by Jordan Green
1. Ted Alexander
Jeff Martin, who blogs at the Detonator, has said that Greensboro is governed from its country clubs. If that’s somewhat overstated, it’s certainly the case that the local GOP under the energetic leadership of the Greater Greensboro Republican Women’s Club has vetted its nominees from Starmount Country Club for the past couple years. Several GOP hopefuls took turns making their case on March 25 for why they are the best qualified to challenge Democrat Kay Hagan for US Senate in November. Ted Alexander’s sugary drawl reminded me of Lee Adams, a photographer with whom I worked for a short period almost 10 years ago. Adams hails from Shelby and Alexander is a former mayor of the city. Alexander projects a gentle and kindly bearing that’s somewhat at odds with the strident anti-Obama message that seems to be a requirement for any Republican contender. Imagine a Mr. Rogers from the North Carolina foothills saying, “It hurts my heart when I see the place where our country is these days and how we have come so far in just a few six years. We’ve seen Obamacare take over one-sixth of our economy. This must be repealed. Period.” Then there’s this piece of conservative victimology: “One of the things we see now is people of the Christian faith or those who hold Judeo-Christian beliefs, we see them basically impugned and say that we are part of the problem — that somehow or another because we happen to be pro-life or because we are pro-traditional marriage that somehow we are haters, that we are part of the problem and we don’t have a right to our opinions.”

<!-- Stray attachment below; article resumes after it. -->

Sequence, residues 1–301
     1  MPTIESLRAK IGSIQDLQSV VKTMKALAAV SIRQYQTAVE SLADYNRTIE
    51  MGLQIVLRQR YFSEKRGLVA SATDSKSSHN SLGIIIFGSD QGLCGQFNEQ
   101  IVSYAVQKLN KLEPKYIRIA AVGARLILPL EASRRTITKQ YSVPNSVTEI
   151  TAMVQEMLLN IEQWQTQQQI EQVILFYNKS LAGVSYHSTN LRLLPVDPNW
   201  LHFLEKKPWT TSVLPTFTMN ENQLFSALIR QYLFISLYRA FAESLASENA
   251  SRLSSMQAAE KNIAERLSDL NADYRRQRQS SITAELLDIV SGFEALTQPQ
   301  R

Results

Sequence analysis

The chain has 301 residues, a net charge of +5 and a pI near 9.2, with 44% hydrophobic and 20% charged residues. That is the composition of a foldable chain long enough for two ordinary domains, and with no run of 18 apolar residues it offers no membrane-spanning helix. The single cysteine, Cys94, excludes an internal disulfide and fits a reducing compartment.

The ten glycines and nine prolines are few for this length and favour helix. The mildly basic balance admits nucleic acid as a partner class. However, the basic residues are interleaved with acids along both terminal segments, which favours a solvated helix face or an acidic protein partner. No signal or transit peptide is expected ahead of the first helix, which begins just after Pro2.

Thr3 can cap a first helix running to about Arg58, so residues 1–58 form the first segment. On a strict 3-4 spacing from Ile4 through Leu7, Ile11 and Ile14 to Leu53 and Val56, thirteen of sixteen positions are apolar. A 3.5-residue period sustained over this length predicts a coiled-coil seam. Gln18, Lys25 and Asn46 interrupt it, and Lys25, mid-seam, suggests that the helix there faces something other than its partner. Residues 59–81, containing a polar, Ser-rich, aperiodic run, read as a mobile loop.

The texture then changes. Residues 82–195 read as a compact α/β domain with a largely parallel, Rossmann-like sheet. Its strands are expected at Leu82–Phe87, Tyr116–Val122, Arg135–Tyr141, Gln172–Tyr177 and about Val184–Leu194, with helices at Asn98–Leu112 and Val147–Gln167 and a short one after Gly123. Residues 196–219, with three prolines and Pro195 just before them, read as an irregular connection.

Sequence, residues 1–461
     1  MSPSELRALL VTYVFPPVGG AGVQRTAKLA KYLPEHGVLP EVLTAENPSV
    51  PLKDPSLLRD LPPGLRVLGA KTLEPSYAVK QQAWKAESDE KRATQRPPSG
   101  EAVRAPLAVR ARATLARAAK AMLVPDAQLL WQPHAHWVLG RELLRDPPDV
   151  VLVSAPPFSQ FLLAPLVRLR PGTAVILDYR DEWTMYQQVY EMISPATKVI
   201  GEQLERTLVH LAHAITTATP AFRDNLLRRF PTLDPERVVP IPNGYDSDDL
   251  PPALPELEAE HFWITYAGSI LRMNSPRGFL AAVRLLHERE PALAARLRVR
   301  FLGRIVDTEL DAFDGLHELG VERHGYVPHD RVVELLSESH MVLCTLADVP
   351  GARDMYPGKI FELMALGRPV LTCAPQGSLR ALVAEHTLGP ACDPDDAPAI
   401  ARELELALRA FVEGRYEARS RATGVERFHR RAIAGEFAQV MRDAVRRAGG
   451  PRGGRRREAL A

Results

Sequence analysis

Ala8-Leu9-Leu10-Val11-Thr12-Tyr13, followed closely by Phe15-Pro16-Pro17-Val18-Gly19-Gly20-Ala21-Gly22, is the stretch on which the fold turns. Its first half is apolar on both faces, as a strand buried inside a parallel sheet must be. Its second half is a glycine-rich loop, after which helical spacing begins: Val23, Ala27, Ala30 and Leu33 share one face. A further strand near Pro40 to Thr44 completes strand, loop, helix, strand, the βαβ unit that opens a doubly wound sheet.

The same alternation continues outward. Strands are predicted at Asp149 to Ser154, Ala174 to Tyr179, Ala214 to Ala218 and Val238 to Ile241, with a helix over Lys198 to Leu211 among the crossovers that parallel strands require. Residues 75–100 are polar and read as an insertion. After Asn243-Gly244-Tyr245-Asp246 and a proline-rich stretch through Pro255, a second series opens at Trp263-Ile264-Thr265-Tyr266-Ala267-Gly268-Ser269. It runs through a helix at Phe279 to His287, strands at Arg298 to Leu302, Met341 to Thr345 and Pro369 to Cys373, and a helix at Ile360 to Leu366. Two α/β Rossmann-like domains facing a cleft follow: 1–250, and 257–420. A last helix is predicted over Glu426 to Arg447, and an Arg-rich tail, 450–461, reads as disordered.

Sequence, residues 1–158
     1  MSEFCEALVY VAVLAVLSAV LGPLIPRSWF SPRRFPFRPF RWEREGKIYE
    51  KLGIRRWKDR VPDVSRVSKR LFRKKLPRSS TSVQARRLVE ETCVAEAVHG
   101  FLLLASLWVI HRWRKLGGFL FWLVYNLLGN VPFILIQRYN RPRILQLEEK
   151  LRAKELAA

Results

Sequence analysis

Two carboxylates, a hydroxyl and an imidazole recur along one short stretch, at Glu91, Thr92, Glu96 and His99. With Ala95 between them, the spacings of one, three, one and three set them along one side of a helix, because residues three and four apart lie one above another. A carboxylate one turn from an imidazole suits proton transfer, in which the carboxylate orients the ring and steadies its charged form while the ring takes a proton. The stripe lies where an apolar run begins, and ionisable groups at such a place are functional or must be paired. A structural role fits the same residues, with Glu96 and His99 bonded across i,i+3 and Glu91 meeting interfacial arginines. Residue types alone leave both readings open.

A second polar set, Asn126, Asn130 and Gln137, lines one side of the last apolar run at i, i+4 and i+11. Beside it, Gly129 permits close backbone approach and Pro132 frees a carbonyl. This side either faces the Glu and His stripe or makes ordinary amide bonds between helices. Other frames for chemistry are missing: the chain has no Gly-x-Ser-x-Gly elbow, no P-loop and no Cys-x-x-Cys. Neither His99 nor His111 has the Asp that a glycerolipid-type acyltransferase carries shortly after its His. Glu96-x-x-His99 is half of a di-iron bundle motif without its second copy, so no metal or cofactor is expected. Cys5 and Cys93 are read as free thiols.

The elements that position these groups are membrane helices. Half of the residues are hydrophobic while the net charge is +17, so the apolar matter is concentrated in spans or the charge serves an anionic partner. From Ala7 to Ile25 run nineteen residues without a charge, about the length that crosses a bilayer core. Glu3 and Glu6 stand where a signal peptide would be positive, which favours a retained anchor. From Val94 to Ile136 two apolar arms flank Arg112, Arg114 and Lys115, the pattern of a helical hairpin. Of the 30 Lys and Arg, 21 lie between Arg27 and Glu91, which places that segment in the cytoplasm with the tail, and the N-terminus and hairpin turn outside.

2. Greg Brannon
Cary OB/GYN Greg Brannon is tied with state House Speaker Thom Tillis (more on him later) for the lead in the Republican primary, and enjoys the support of Sen. Rand Paul of Kentucky, as opposed to Tillis’ establishment backing from Karl Rove. Brannon’s pitch is somewhat mesmerizing in person, but difficult to quote in its tangential layering technique. He opened with reference to a “constitutional crisis,” discussed founding documents, harped on federal overreach through Obamacare and Common Core, highlighted his opposition to abortion and noted the GOP’s status as the original party of civil rights while weaving in elements of his family story (“…seven children, six girls and a boy, been blessed to adopt the last few from China, two of ’em with cleft palates”). When asked about a recent court ruling that Brannon misled investors of a failed startup, the candidate seemed unflappable. He said he believes he’ll be vindicated ultimately and that unfortunately he can’t make any comment while the case is under appeal.
3. Heather Grant
Heather Grant is the only woman in the race and the youngest candidate. In a field of doctors, a lawyer and power pastor, she holds an appealing biography as a nurse who signed up for military service and took responsibility for behavioral healthcare in the ranks after an injury sidelined her from staff. Grant garnered some of the loudest applause, and is probably the candidate that Hagan should least want to face in November. No matter what your ideology, it’s hard not to admire her service, and she comes across as sincere. “Our government would just as soon turn a blind eye to the problems that those men and women are coming home and dealing with,” she said. “I know: I fought every single day for us to do the right thing. I sat in a room full of colonels and a general and said, ‘With all due respect, sirs’ — I’m a second lieutenant — I said, ‘With all due respect, you are wrong. This is a perception; the reality is, I walked five soldiers last week to behavioral health because they were suicidal.’”